Letters of Intent for this PCORI funding announcement were due Tuesday, February 14, 2017.
Those selected to submit a full application were notified by Wednesday, March 15, 2017.
Full applications were due Wednesday, May 17, 2017, by 5:00 p.m. (ET)


Table of Contents

PCORI is seeking applications to study the comparative clinical effectiveness of alternative features of healthcare systems (e.g., innovative technologies, incentive structures, and service designs) that are intended to optimize the quality, outcomes, and efficiency of care for patients and that have the most potential for sustained impact and replication within and across healthcare systems. Healthcare systems encompass multiple levels (e.g., national, state, and local health environments; organization or practice settings; family and social supports; and the individual patient) and include entities organized to deliver, arrange, purchase, or coordinate healthcare services. PCORI seeks to fund studies that will provide information of value to patients, their caregivers, clinicians, and healthcare leaders concerning which features of delivery systems lead to better patient-centered outcomes (PCOs), so that those features proven to make a difference ultimately affect healthcare delivery.

Funds Available Up To: $16 million

Maximum Project Budget (Total Direct Costs): $5 million for large studies; $1.5 million for small studies

Maximum Research Project Period: Five years for large studies; Three years for small studies

Return to the Broad PCORI Funding Announcements page for key dates.


The Improving Healthcare Systems (IHS) Program invites applications for research that studies the comparative effectiveness of alternative features of healthcare systems (e.g., innovative technologies, incentive structures, or healthcare service delivery designs) that are intended to optimize the quality, outcomes, and efficiency of patient care and that have the greatest potential for sustained impact and replication within and across healthcare systems. Healthcare systems encompass multiple levels (e.g., individual patients, family and social supports, providers and care teams, organizations or practice settings, local community resources, and the state- and national-level policy environments) and include entities organized to deliver, arrange, purchase, or coordinate health services. Healthcare delivery models (e.g., integrated health system, patient-centered medical home) and care settings (e.g., hospital, physician practice, nursing home, community health clinic, or patient’s home) also define healthcare system operations. PCORI seeks studies that will affect healthcare delivery by determining which system features lead to improved patient-centered outcomes (PCOs) and which provide valuable knowledge to patients, their caregivers and clinicians, as well as other key stakeholders, including payers and employers. The diagram below is intended to illustrate this summary. Please note that two levels—National Health Environment and State Health Environment—are shaded to indicate that although they clearly influence and shape the broader health policy environment, PCORI does not include them as specific targets for research interventions.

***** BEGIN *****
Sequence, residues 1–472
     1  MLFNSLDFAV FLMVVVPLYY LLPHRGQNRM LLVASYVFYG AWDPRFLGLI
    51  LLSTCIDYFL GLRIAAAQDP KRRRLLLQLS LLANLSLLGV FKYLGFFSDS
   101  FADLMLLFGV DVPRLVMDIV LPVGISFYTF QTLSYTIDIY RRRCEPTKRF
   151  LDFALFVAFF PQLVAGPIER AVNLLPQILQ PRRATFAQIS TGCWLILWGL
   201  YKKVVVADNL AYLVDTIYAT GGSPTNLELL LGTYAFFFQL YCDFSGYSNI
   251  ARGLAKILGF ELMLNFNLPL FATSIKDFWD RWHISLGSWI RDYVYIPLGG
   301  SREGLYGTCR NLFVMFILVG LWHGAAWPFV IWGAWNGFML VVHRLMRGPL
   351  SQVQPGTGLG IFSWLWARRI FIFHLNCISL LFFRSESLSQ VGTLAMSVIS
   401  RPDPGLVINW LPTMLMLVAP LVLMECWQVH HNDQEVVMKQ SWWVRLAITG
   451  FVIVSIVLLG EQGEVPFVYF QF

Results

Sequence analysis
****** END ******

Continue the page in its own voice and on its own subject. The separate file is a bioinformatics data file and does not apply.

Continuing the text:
The Healthcare System

Figure adapted from: Taplin, S. H., Clauser, S., et al. (2012) Introduction: Understanding and Influencing Multilevel Factors Across the Cancer Care Continuum. Journal of the National Cancer Institute, 44, 2–10.

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Healthcare organizations are under constant pressure from competing sources to improve aspects of care, but they often lack the critical information needed to guide decisions related to system-level change. Research could help develop a body of evidence supporting effective interventions that would enable organizations to provide –high-quality care that is more accessible, coordinated, effective and efficient, and that would ultimately improve PCOs.